Julien Temple Reveals All About His New Keith Richards Film – And How Keef Once Threatened Him With A Cocktail Stick

Filmmaker Julien Temple has worked with some of music’s biggest stars, his films including Sex Pistols classic The Great Rock’n’Roll Swindle and David Bowie-starring Absolute Beginners.

His latest film focuses on Rolling Stones guitarist Keith Richards. Entitled Keith Richards – The Origin Of The Species, it documents the blotto blues pirate’s experiences growing up in ’40s and ’50s Britain – as well as the era’s impact on his life, the ’60s and the decades that followed. You can watch it on BBC 2 at 9pm on Saturday July 23. We caught up with the maverick documentarian – pictured below – to find out what it’s like collaborating with Keef.


What was it like working with Keith Richards?
Julien: “It’s always a pleasure. What a magnificent subject! I’ve known him a long time, but I’m still in awe of him, like most people.”

Do you remember your first meeting?
“Yeah, it was in the toilets underneath the George V hotel in Paris. He had a sword-shaped cocktail stick straight to my neck. He thought he wasn’t in the video [‘Undercover Of The Night’] I was doing with the Stones enough. I’m not sure if he was serious – he was just being Keith.”

How much of that persona is actually him, and how much is he playing a character?
“I think he’s an incredible mix of the two. No one knows themselves more viscerally, who they actually are, than Keith Richards. And despite the insanity of fame that destroys a lot of people’s sense of self, he’s managed to retain who he is through it all. Somehow he’s remained grounded and hasn’t become a rock star… bizarrely. He’s quite unique in that sense.”

So why make this documentary? Surely everything about Keith has already been said?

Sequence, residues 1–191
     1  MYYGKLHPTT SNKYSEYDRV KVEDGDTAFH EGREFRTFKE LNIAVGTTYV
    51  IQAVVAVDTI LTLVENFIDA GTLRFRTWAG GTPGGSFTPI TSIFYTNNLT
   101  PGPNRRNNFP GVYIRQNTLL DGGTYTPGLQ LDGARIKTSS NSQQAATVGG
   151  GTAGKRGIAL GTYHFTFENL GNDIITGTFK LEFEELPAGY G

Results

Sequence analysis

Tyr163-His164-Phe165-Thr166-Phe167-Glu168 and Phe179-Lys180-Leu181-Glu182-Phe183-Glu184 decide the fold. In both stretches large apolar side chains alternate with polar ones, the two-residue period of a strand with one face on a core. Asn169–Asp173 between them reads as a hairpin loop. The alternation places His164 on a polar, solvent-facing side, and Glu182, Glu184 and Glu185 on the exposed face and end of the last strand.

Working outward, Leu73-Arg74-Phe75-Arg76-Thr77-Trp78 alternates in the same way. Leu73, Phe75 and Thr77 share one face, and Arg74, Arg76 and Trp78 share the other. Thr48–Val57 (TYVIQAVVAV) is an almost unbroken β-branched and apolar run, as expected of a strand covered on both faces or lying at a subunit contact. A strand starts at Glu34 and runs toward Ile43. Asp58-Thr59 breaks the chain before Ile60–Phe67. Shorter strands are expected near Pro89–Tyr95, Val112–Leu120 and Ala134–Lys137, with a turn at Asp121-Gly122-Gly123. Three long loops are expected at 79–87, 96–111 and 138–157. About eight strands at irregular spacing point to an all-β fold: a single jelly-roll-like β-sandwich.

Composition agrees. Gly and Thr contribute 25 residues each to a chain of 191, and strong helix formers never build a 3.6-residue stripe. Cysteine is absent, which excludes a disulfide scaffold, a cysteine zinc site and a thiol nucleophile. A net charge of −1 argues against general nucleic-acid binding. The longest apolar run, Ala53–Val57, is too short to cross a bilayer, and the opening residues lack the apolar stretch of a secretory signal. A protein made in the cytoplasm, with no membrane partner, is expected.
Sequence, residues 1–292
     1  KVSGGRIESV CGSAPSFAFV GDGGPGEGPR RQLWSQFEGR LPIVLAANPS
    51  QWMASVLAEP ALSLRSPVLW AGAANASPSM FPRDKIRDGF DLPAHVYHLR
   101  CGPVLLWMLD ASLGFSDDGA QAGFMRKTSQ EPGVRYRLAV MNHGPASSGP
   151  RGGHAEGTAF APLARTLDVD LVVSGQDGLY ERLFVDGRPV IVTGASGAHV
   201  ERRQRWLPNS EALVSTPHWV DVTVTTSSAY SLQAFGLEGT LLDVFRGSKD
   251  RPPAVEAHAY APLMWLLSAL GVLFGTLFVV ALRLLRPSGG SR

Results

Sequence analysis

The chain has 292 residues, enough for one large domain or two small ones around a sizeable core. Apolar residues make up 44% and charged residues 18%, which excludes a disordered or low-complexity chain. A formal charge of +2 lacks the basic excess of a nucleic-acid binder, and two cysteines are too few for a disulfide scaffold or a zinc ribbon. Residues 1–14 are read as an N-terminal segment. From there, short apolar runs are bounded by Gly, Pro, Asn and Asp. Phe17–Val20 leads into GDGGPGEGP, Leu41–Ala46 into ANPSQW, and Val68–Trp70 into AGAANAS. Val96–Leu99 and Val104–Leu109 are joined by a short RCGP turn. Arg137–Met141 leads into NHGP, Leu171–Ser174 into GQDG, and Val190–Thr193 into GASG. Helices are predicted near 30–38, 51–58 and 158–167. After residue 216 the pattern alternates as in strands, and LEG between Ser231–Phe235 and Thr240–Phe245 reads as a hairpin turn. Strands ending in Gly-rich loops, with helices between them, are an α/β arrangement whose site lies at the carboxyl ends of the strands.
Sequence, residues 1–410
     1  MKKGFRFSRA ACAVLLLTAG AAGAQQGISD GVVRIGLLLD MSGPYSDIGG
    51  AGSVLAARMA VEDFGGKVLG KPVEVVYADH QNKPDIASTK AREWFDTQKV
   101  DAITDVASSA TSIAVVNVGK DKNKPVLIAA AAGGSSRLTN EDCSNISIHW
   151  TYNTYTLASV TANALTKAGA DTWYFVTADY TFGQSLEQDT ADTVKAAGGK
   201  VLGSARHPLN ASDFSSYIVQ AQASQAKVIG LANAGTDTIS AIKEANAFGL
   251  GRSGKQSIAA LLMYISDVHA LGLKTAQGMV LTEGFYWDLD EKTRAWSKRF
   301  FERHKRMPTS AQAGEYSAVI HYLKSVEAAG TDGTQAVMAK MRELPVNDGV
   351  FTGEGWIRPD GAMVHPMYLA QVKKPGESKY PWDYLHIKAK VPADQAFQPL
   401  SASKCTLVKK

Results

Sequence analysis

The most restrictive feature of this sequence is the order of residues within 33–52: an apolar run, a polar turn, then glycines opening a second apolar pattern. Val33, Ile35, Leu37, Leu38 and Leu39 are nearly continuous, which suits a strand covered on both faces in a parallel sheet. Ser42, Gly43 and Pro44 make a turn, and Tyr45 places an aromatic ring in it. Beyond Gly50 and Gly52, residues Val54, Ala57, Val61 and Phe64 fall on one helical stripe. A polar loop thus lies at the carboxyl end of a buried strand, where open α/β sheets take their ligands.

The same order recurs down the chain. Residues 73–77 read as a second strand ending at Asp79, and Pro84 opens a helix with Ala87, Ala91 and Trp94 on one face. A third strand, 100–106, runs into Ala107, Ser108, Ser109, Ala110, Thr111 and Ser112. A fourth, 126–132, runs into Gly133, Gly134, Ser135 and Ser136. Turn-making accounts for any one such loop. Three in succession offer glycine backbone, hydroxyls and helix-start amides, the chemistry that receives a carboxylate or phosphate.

“No. I think, recently, we’ve lost touch with the human being behind the legend and there’s been a lot of things done from an American perspective about him as a musician. I’m trying to reconnect him with his roots, his Englishness, and what made him who he is. I don’t think that’s been done before on film.”

Were you worried he wouldn’t be able to remember that far back?
“The guy has total recall. He doesn’t only remember it, he inhabits it and acts it out as if he were in the moment again. It’s very compelling.”

That’s encouraging. So you reckon he’s in good shape then?
“Yeah, I think he’s really enjoying playing and making music. It’s everything to him and he doesn’t seem old in spirit at all. It’ll take a lot to destroy him I think (laughs).


Will they release a new album?
I’m sure they will, at some point, yeah. Keith’s getting on well with all the others and they’re all very excited to be playing the Desert Trip festival [in California, this October], I know that. I even asked him for tickets!”

Why should people watch the film?
“They can lie on their sofa of course! But I think it’s a good time to revisit that era, what with the current climate. It was a period where the change that happened in the sixties was bubbling under the surface and I think it’s a real warning not to go back to that ‘Little England’ post-war mindset. Which might be on the cards.”

What’s your advice to the current generation? Is there another cultural revolution on its way?

“I live in hope, but I’ve been waiting 40 years since punk, and nothing really has happened. It’s time to do something, definitely. Get up and demand to be heard. Make sure you’re able to do what you wanna do and never let people stop you for their own stupid, selfish, reasons. That’s what I’d say.”

Keith Richards -The Origin Of The Species airs Saturday July 23 at 9pm on BBC 2